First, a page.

Sen. Susan Collins on Thursday announced a breakthrough agreement that would allow the heaviest trucks in Maine to travel on federal highways, taking them off many back roads and downtown streets.

The agreement would allow trucks weighing up to 100,000 pounds on federal roads in Maine for the next 20 years. While Maine now allows those heavier trucks on state roads, federal regulations only allow trucks weighing up to 80,000 pounds on the interstate system here.

“This has been a long, long difficult slog. Bringing it to fruition feels really good,” Collins told the Bangor Daily News. “This is first and foremost a public safety issue, as all the law enforcement groups in Maine are quick to attest, it will make a real difference to allow the trucks to use the federal highways, rather than being diverted onto secondary streets and downtown roads.”

The heaviest trucks now have to leave federal highways and travel on state roads, affecting towns including Freeport, Saco and Old Orchard Beach when they are forced off I-95 and I-295. But the problem is most noticeable north of Augusta, particularly in Bangor and Brewer, where the heaviest trucks are banned from I-95 and I-395 and often rumble through city streets, navigating tight turns.

Collins noted that a big truck traveling from Hampden to Houlton on I-95 rather than Route 2 would avoid 300 intersections, 86 crosswalks, 30 traffic lights, nine school crossings and four railroad crossings.

Bangor Police Chief Ron Gastia said when a recent pilot program was in place allowing heavy trucks on federal roads in Maine, there was a huge decline in the number of trucks on city streets. Now that it’s over, the perception is that there’s even more big trucks in Bangor than before.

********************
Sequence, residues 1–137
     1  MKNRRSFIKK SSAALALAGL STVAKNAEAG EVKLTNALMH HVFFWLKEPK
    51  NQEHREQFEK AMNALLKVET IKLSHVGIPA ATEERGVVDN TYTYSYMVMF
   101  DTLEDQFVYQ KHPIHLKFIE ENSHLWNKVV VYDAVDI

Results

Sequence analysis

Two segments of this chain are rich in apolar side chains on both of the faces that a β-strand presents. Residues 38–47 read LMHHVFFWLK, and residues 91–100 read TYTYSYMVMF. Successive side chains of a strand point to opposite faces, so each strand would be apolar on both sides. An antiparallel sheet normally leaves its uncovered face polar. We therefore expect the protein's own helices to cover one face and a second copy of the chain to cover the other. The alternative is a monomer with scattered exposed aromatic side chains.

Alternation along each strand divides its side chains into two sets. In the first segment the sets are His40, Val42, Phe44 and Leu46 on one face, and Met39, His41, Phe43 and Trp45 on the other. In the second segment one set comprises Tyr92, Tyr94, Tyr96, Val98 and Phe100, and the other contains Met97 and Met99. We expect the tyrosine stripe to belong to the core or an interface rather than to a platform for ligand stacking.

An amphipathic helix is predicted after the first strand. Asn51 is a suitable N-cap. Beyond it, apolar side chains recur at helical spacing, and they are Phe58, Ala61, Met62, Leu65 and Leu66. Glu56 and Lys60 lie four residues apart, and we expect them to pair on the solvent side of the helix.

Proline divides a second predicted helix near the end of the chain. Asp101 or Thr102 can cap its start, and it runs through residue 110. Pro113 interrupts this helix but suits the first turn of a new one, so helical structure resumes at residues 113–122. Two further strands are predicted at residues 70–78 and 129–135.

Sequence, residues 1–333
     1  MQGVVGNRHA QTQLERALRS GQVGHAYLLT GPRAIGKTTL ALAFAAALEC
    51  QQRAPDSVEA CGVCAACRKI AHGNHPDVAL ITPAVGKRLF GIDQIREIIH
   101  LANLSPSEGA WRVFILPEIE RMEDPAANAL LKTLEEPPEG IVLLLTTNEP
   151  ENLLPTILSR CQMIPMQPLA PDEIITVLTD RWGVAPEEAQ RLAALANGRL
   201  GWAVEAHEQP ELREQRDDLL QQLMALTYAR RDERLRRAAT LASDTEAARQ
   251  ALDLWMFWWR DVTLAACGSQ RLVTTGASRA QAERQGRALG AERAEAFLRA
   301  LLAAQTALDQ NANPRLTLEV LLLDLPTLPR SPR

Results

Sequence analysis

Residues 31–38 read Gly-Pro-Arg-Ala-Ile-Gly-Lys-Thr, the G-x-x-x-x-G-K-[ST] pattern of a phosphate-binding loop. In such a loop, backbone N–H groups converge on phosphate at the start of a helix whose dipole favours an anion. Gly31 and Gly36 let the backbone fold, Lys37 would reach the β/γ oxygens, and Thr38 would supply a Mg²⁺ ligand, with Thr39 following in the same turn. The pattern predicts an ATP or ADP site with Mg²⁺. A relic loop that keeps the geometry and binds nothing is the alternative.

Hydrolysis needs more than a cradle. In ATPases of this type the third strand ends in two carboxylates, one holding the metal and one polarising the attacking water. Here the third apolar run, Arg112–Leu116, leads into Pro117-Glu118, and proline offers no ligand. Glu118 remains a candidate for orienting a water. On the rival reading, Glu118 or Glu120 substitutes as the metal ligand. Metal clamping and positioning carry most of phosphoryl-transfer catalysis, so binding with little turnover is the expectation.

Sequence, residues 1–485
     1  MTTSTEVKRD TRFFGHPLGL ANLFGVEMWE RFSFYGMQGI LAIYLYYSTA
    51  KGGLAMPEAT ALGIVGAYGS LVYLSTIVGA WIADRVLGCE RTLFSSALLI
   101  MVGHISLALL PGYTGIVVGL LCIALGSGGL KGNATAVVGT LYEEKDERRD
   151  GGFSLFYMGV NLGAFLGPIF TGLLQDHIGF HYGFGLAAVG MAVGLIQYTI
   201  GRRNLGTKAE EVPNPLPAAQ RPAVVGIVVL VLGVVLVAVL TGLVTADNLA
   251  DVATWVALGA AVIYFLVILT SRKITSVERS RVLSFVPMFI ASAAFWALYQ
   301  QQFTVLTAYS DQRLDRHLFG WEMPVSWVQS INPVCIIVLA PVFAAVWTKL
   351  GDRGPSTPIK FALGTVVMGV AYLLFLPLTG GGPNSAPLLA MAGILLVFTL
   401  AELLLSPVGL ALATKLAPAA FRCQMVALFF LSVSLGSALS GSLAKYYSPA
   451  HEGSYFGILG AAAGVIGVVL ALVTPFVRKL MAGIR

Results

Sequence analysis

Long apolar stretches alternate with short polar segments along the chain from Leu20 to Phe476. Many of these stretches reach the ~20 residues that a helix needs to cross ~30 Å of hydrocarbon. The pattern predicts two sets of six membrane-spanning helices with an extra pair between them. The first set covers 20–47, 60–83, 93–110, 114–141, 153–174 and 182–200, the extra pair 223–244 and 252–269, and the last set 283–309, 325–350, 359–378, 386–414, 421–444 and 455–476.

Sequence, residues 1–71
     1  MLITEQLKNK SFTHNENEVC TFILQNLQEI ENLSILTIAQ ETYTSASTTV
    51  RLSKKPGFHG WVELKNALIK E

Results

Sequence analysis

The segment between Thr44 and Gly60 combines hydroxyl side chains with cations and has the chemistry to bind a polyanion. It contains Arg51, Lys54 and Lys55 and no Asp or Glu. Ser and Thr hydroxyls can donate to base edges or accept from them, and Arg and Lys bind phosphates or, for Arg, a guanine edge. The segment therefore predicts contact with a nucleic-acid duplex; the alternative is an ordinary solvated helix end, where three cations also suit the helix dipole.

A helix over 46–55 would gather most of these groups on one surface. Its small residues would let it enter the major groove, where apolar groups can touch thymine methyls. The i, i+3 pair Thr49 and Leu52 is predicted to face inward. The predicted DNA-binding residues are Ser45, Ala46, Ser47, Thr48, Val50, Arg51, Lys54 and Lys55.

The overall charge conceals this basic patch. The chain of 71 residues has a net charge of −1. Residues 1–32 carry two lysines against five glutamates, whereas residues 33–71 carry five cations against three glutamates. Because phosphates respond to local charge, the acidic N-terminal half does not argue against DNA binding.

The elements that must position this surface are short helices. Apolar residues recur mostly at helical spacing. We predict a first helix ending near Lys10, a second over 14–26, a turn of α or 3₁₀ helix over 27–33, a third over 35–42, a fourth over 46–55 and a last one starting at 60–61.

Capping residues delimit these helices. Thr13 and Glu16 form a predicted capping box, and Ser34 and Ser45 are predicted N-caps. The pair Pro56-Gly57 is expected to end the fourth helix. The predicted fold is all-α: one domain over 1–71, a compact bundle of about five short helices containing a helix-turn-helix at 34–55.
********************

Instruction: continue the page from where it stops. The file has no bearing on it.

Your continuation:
And the problems become even bigger in the winter when the road widths narrow and surfaces can be slippery.

“These trucks can’t stop on a dime,” Gastia said. “Getting them away from pedestrians and the congested city streets is just essential.”

The change is also important to Maine’s business community. Companies that ship goods in or out of the state have long complained that they are at a competitive disadvantage because other states in the region, such as New Hampshire, Massachusetts and New York, allow the heavier trucks on federal roads, as do the provinces of Quebec and New Brunswick.

Collins said the new agreement also would benefit the environment because trucks use less fuel when they’re on the interstate and produce less greenhouse gases as well.

“This is a win-win for the economy, for energy and the environment, but most of all for public safety,” she said.

The agreement was greeted with enthusiasm by the Maine Motor Transport Association.

“The Maine economy moves by truck and the success of Sen. Collins to get this through Congress is tremendously welcome news, especially for the professional truck drivers who have communicated to us that they want to use the safer interstate system because it decreases their interactions with other vehicles and pedestrians if they are able to avoid secondary roads,” said Brian Parke, president and CEO of the association, in a statement. “They would rather not have to go past driveways and through towns to deliver their loads.”